The Earth Species

While it’s common to think of our biosphere as consisting of numerous species, biologists have long struggled with figuring out what the hell they mean by the word. But there is a potential definition that works quite well.

The Issue

It’s a common idea that there are numerous species on Earth. Humans are separate from ants, which are separate from bananas. It seems reasonable. But it’s really not. There are numerous problems with the concept of “species” in scientific terms, and this issue has resulted in numerous arguments between biologists.

To reach a viable definition of “species” one has to look at how we all came to be. The current understanding of how every organism in existence came to be is that we all came from one cell that began to divide and evolve. At the same time, the differentiation between species is largely arbitrary. There is no clear division between one species and another. It is a progression. Indeed, attempts to define “species” in a straightforward biological sense is called “the species problem.”

Sometimes biologists look at groups of organisms that are separated by their inability to reproduce, but even then, it’s only useful as a way to talk about these groups. In order for there to be truly distinct species, rather than arbitrarily divided species, transitivity would have to hold. That is to say that if we have three groups of organisms, A, B, and C and A is the same species as B and B is the same species as C, then A should be the same species as C. And yet, we have many instances where we have three populations such that A can breed with B and B with C, but A cannot breed with C. Therefore, by the aforementioned definition, A and B are the same species, and B and C are the same species, but A and C are not the same species, which is nonsensical.

Recognizing this issue, biologists tried extending the definition to include inability to breed due to geographic isolation. But this idea presents a major issue for humans. Roughly 15,000 years ago, a group of humans found their way to the Americas, by traveling across an ice bridge during the last ice age. This bridge melted roughly 10,000 years ago, cutting the population off from its relatives. For 10,000 years, the people who resided in the Americas were isolated from the rest of humanity. By the concept of geographically separated species, those who settled the Americas thousands of years ago should be considered a different species than those who remained in Asia. But it is unlikely that any reasonable biologist would demand that these people are not the same species as the descendants of those who continued to reside in Asia.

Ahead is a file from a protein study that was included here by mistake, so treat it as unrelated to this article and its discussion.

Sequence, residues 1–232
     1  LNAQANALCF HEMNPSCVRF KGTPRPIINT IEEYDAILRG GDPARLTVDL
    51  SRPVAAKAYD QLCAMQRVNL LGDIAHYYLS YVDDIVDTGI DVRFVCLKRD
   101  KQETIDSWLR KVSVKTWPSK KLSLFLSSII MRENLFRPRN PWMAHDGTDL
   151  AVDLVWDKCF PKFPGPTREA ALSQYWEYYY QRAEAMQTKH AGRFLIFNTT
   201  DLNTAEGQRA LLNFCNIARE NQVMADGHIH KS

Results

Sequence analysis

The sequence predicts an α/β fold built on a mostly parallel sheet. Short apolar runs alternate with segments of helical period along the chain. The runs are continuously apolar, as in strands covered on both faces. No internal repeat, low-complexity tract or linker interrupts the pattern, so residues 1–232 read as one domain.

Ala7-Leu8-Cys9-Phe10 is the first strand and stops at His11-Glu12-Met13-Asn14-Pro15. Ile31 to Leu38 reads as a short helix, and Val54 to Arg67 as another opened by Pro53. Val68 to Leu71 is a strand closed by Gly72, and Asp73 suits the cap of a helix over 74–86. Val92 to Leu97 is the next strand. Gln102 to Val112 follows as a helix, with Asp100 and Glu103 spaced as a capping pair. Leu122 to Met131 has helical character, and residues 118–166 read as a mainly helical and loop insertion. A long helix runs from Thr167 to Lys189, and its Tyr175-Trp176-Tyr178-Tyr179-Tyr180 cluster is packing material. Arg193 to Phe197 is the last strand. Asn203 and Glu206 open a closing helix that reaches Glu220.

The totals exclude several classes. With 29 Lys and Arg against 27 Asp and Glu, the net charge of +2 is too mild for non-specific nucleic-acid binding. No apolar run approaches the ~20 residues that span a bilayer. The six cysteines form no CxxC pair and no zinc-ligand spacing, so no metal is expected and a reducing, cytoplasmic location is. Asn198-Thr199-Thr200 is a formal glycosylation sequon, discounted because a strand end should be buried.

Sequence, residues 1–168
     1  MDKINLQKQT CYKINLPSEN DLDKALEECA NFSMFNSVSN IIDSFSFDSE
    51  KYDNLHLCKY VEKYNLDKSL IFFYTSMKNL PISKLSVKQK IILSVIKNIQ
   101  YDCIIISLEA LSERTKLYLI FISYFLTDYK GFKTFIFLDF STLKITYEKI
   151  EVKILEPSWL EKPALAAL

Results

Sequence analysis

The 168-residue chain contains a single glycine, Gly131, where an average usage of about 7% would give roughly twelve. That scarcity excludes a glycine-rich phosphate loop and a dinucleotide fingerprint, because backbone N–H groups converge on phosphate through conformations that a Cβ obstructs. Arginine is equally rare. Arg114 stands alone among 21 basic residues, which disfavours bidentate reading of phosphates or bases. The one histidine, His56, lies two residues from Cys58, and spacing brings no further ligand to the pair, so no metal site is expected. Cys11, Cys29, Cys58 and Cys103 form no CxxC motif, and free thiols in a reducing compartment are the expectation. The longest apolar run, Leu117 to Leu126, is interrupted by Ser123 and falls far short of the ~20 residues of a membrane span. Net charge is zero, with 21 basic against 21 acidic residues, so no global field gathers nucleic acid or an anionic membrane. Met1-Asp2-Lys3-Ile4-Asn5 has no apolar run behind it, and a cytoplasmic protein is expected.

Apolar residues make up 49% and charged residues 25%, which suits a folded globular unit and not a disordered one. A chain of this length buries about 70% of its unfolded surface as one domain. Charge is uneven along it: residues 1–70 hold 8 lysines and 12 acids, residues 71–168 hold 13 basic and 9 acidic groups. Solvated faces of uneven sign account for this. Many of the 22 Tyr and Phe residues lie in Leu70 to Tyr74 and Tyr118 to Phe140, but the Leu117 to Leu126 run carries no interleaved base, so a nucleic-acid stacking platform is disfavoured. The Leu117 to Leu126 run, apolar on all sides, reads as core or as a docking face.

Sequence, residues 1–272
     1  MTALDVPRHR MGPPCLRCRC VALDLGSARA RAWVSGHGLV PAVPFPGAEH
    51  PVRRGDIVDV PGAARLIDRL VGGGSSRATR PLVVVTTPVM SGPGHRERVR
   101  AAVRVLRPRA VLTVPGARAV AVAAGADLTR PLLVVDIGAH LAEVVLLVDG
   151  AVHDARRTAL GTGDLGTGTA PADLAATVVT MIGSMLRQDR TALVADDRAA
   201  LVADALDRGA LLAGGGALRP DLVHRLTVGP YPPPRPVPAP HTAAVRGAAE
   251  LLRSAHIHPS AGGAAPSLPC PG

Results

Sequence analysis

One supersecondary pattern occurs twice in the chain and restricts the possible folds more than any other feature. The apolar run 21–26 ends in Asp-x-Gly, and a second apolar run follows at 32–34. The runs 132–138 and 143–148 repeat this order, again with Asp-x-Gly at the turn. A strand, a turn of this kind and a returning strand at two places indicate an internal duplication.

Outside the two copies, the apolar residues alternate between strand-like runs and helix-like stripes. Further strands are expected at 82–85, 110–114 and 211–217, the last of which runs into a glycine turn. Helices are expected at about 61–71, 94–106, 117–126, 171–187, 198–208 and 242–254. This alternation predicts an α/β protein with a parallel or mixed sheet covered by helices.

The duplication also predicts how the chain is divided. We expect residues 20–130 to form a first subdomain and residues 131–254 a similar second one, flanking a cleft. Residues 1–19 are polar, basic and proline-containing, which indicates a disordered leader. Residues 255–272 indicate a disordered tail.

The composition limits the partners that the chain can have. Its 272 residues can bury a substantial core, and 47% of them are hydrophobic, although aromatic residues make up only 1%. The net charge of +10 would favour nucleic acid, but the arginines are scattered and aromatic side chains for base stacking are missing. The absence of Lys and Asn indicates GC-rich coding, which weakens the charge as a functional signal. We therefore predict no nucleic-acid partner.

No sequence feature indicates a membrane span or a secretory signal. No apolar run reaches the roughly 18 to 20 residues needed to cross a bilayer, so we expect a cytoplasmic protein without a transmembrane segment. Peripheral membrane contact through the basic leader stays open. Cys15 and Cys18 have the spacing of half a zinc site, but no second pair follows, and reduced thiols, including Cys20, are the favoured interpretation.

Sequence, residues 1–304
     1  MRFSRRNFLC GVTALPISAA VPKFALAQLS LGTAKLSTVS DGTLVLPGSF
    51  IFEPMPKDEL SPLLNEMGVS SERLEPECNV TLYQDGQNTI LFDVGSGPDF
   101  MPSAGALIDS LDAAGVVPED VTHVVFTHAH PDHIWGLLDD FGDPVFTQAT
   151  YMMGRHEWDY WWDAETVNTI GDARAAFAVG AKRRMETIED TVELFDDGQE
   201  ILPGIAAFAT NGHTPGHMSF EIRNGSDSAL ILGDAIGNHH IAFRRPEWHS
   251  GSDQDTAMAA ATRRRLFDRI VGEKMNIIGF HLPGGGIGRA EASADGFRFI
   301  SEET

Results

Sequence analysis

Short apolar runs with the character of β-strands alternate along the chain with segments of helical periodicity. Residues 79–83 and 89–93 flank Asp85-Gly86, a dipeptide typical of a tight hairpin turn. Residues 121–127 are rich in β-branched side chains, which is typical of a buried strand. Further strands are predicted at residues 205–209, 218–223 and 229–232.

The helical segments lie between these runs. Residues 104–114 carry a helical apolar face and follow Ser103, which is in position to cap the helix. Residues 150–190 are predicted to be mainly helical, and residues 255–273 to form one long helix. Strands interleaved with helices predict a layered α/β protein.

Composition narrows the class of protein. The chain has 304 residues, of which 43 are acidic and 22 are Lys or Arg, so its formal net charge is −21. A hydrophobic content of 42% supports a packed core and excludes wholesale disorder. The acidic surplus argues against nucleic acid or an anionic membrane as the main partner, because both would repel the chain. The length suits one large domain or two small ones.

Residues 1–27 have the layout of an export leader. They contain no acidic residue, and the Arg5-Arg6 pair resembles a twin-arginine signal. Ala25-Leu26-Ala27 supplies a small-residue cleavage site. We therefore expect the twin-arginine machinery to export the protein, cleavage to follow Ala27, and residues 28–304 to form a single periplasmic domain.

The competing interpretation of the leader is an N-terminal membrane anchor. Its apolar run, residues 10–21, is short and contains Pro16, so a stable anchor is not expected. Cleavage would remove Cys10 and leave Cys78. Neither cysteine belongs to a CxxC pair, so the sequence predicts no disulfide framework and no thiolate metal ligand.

A Solution

Currently there is no solid definition of “species.” But there could be. If every organism in existence is a descendant of a single organism, as is the current theory for all of the biomass on Earth, what about those organisms that could exist, that aren’t descended from that cell? It’s certainly possible that life could have started multiple times, and if we consider the potential existence of life on other planets, there very well could be plenty of organisms that are wholly unrelated to one another.

In this way, we can think of the entirety of the Earth’s biomass as a single species, and biomasses that are not related to ours as different species. Likewise if we created life in a lab, from scratch, it too would be a different species. This conceptualization is one of the only ones that have true biological foundations. If we treat a species as the sum total of existing biomass that has descended from a common ancestor, then the concept of species becomes transitive. Even taking into account conjugation where genetic material is shared, the lineages of the organisms do not merge, only some of their genetic material does. It would require sexual reproduction between two distinct lineages for this definition of “species” to be violated, and to be perfectly honest, I don’t think we’re going to see any Vulcans getting it on with humans.


While there is a problem with defining “species” in an objective and non-arbitrary way is difficult, it is not impossible. A species can be considered the sum total of existing biomass that descends from a common ancestor. It may seem like a rather dull formulation, because as it stands, we only know of one such example, but as we investigate space, we will likely encounter organisms which have a wholly distinct biological lineage, and thus would be considered different species.

Originally published on the Spiritual Anthropologist publication on Medium. Photo by Chris Abney on Unsplash

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Daniel Goldman
Daniel Goldman

I’m a polymath and a rōnin scholar. That is to say that I enjoy studying many different topics. Find more at

Spiritual Anthropology
Spiritual Anthropology

A blog dedicated to the anthropology of alcohol and religion, along with other related topics.

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